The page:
Irena Lagator Pejović


Expanses of Love


36 graphite pencil drawings on paper, 42 x 29.7 cm, each

Courtesy of the artist.

Exhibition/Venue: Irena Lagator Pejović, Expanses of Love, Art Gallery „Nadežda Petrović”, Čačak, Serbia, curated by Patrycja Rylko and Julka Marinković, 2023. 

Photo: Ivan Petrović



The drawing series Expanses of Love are presenting an enlarged microscopic view over the interaction of heavy metals from old albums of metallography published by metallographic institute P. F. Dujardin & Co from Dusseldorf in the 1920s. The task of metallography as part of the science of metals is to determine the properties and behaviour of metals and alloys under the given load conditions, and to indicate the most favourable structure for a specific area of application, if possible in advance, from a review of images of macro and micro and micro-structures for a certain chemical composition. Today, metallography has become the most important control procedure for the ongoing production of metals and alloys, and has successfully developed procedures for determining the processing errors and the causes of errors in metals and alloys, which is why it is widely used, among other things, in the military industry.


What captures our attention when we first see these microscopic views of the metals and their interaction is their aesthetic quality. And we cannot but wonder how it can be that the beauty communicated from these images can be used for paradoxical production of destructive objects for both, the nature and humanity.


The artist carefully redraws these single circular appearances also because of the fact that they appear before our eyes now, after The Century that Trusted in the Future (Franco Bifo Berardi). She redraws, enlarges and presents them in a slow, new, reconstructive rhythm, in order to make visible how human inventions in connecting the unconnectable, could be more protective, if we would, just like the task of metallography, detect and process errors and the causes of errors and not misuse them.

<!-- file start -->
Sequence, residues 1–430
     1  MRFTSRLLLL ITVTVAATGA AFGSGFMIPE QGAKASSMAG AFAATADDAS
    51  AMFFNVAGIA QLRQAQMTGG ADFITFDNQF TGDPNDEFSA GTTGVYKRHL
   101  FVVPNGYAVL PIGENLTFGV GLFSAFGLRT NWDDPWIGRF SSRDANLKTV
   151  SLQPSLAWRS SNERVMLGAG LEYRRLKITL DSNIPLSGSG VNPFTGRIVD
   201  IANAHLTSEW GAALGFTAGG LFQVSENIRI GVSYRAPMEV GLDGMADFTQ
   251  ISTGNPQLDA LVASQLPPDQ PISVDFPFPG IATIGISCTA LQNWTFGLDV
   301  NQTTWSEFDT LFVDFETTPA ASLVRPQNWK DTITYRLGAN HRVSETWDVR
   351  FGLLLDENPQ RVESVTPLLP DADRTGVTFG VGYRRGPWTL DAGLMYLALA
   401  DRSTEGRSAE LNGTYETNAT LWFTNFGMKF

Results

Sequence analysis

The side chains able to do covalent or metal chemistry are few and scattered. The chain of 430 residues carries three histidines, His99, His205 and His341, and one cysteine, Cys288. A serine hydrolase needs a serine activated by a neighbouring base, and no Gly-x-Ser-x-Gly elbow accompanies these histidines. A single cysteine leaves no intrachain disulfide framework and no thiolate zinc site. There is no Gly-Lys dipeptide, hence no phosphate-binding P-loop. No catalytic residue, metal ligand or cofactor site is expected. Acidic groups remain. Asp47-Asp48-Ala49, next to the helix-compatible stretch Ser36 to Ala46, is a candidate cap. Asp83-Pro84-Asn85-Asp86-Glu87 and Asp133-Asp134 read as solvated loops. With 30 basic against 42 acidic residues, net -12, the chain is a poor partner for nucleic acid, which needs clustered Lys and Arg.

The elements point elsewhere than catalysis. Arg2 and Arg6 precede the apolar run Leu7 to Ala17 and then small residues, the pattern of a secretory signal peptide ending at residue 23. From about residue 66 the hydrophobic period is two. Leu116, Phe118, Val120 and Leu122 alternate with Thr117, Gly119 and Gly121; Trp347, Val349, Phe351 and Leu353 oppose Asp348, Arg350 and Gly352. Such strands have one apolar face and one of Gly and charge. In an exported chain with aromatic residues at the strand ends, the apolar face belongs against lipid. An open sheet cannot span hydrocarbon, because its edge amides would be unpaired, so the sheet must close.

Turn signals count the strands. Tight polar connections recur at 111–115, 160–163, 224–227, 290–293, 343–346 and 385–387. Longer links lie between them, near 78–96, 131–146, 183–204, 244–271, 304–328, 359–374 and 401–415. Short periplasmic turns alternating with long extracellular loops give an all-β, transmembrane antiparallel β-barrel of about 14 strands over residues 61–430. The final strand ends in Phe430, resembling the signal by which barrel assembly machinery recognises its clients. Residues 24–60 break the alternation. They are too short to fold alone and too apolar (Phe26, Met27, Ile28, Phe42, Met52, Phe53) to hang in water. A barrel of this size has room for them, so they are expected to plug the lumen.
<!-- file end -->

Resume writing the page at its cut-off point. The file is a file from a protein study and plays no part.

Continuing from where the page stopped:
The artist extracts these interactions from their century-long dissonant interpretations and treats them instead as alternative and autonomous expanses of love for the imagination of the world free of exploitation. She assigns a different value to them, the one capable of communicating and reminding us of the better life for all and for protected environment. 


These drawings are a visualisation of the urgency of critical understanding of the relation between the surrounding world and the brain that elaborates it. The times of ceaseless wars demonstrate that this relation was not and still is not in balance. The drawings are an attempt of inversion through establishing at least a visual and poetic balance that serves as means against the acceleration of the information and knowledge. Freed from their laboratory structuration for industry, those drawings remind us of our right to be respponsible in relation to nature. These drawings elaborate a new, slower rhythm in our relation to nature against suffering and mutual destruction to demultiply the velocity of technology. Maybe this critical abstraction in drawings extracted from these albums can show us where we got the economy wrong in processing the data from the daily life and nature for the purposes of destructive industries. Because, they also look as abstract art while they are not: we know that the social reception of abstraction in the area of the former self-governing socialist republics, now nation states, developed autonomous modernism where the ideas of abstraction and solidarity meet. (Irena Lagator Pejović)